Before I had kids, I would randomly get clients that needed their dog trained because a baby was on the way. I was naïve to think that I had the knowledge for such a responsibility. Fortunately, no baby was ever bitten because of my ignorance. I just walked into the situation like it was just another obedience case, and figured if the dog had some training that the dynamic with the child would just naturally fall into place. I rarely ever took into account the age of the dog, breed of dog, history of the dog, how the household was managed, or if there were multiple dogs in the house. I can honestly say that I had the best intentions with no clue of what the repercussions could have been. If most trainers are honest with themselves, this is the foundation of how we evolve into the trainers we are today. There’s that age-old saying; “You don’t know what you don’t know.”
I want to share my experiences and knowledge with my fellow trainers so that together we can educate new parents and help to reduce the amount of baby/toddler dog bites.
Here are some things I wish I knew before my years of studying and being submerged in this field.
- The first thing you need to do is take into account the dog’s age, breed, history, and temperament. Educating the client on the needs and characteristics of their dog’s breed and age can help them to understand the common traits associated with this information. For example, if they have a senior dog that has health issues, that dog most likely will have a very low threshold for a baby crawling on top of it. If they have a wolf hybrid, don’t be afraid to tell them they have no business letting a baby and that dog coexist. There is too much of a risk.
- Explaining the different bites that dogs genetically have is critical. That herding breeds could nip a running child, where a terrier breed is predisposed to have a full mouth grip while shaking their prey.
- It is also important to talk to the client if there are multiple dogs in the house and make sure they have a clear understanding of pack mentality.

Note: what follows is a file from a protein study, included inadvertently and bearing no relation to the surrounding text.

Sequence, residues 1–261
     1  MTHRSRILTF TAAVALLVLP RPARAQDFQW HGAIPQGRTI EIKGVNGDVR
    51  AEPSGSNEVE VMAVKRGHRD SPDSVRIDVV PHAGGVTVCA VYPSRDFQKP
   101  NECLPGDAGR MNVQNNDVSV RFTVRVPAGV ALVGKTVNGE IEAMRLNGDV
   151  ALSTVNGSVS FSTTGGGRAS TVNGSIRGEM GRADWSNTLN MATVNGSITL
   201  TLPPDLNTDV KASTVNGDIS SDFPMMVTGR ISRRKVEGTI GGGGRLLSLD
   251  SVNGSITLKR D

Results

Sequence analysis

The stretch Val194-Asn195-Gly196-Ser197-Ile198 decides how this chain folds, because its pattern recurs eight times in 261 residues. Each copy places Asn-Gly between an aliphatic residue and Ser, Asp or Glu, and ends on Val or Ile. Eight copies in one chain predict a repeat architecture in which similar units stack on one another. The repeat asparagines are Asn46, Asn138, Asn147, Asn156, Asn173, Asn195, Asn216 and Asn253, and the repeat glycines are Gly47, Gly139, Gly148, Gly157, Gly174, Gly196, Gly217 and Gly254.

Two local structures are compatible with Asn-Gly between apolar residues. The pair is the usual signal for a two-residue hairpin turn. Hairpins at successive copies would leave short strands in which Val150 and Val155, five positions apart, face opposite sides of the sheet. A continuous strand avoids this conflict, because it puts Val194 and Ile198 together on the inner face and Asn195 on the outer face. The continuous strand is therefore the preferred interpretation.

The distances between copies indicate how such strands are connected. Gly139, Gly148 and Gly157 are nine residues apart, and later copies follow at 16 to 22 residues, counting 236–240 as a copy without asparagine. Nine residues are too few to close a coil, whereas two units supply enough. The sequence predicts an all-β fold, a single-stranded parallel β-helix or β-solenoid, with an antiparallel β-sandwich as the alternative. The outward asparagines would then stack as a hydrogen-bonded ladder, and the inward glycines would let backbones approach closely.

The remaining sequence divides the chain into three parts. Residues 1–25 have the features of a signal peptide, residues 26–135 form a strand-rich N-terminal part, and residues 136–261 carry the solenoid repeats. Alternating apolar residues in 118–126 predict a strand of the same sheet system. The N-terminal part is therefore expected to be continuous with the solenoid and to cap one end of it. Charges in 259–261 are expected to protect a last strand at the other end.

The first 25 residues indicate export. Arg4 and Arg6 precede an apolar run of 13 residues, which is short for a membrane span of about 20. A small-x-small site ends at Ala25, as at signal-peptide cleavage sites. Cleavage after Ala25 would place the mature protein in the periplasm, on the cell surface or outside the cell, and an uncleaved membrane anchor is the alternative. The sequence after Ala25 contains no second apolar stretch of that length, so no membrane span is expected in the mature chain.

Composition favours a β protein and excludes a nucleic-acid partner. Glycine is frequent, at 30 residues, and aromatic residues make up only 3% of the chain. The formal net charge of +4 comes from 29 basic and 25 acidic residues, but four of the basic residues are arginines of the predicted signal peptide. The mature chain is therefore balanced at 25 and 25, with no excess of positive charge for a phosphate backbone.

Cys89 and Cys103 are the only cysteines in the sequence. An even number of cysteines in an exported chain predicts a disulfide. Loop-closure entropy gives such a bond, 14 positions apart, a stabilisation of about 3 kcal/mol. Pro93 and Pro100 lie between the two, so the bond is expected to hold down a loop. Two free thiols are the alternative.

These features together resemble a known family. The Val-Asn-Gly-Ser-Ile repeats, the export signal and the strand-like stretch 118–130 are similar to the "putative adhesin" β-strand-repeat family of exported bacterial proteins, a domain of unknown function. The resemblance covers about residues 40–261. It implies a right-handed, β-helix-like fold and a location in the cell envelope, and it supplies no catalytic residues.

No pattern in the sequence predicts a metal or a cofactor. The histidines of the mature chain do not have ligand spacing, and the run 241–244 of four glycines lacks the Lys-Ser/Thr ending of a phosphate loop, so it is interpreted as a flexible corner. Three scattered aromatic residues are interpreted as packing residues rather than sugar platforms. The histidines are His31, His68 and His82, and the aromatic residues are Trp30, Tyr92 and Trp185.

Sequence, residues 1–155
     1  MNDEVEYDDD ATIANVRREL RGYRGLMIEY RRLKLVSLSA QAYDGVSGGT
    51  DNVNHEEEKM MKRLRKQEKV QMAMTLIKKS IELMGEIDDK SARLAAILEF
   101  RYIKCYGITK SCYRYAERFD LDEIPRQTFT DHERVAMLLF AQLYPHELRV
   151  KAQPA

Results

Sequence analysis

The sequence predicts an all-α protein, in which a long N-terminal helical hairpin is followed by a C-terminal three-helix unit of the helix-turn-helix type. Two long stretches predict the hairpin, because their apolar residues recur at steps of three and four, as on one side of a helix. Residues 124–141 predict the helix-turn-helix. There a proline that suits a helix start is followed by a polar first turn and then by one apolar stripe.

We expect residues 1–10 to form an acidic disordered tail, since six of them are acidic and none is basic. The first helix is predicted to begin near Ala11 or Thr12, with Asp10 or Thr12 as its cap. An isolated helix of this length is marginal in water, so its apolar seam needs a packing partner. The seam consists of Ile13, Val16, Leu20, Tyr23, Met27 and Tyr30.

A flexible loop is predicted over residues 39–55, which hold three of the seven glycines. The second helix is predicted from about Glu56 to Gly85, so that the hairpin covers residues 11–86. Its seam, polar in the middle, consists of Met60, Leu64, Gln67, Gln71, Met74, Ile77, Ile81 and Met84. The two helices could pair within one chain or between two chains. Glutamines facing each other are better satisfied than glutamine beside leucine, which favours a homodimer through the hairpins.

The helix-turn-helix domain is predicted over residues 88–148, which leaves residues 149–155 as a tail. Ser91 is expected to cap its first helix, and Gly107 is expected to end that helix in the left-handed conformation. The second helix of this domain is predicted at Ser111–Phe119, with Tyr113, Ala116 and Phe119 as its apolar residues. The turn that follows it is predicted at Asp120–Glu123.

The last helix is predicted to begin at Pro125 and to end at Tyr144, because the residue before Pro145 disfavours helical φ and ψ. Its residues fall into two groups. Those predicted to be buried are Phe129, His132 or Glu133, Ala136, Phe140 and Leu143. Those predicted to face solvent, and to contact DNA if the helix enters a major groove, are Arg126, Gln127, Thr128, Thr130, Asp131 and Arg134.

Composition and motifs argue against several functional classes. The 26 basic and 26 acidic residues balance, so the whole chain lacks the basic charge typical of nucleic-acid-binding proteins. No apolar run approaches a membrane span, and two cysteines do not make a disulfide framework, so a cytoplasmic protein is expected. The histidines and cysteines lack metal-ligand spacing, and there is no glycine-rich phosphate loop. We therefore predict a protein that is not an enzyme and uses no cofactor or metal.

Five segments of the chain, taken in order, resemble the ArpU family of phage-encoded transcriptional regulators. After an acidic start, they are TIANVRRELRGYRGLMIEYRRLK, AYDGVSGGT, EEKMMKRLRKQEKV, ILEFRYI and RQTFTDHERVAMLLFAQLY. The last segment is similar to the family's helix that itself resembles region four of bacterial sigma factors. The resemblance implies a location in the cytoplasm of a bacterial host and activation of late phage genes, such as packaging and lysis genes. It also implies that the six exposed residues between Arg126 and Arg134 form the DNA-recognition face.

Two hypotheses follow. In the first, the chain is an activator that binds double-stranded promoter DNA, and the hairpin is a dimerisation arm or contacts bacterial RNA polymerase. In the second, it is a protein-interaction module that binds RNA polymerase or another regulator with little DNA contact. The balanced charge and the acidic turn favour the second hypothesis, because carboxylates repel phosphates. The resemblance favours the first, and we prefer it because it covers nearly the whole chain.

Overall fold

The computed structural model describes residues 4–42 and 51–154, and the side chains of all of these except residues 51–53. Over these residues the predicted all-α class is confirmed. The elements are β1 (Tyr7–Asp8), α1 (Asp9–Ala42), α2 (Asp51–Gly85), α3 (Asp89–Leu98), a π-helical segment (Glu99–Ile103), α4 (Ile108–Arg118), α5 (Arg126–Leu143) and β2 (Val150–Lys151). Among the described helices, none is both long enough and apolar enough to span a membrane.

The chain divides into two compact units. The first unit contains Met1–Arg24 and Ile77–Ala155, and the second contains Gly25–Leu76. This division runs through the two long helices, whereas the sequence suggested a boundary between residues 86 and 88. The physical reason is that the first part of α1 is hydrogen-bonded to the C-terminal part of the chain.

- The second observation is how the household is run. Is it a completely free zone with very little rules or management? Are the parents very organized and structured? This will help you to know how to guide them during the changing months after the baby is home with the dog.
- Having solutions such as; incorporating a crate if the house is a wide open space, or having rooms for the dog during down times. Maybe a baby gate is the best option. Start implementing these changes around the house with your client before the baby arrives. This will help get them to change some of their habits and routines with the dog.
- This is also the time to foresee if the situation is going to be a successful one for the dog. If the client has an extremely nervy dog with a low threshold and the people seem very relaxed with a free zone house, that is the time to tell them they could be setting the dog up to fail. Another example is if they have a dog that jumps all over people and furniture.
Start treating the situation as if the baby is already in the picture by roleplaying and making them realize that if the dog jumps on a sleeping baby, they could injure such a fragile newborn.
- Whenever you start your first lesson with your expectant parents, bring a soundtrack of different newborn cries. Observing the dog’s reaction to the noise can give us instant information about the level of predatory drive in the dog.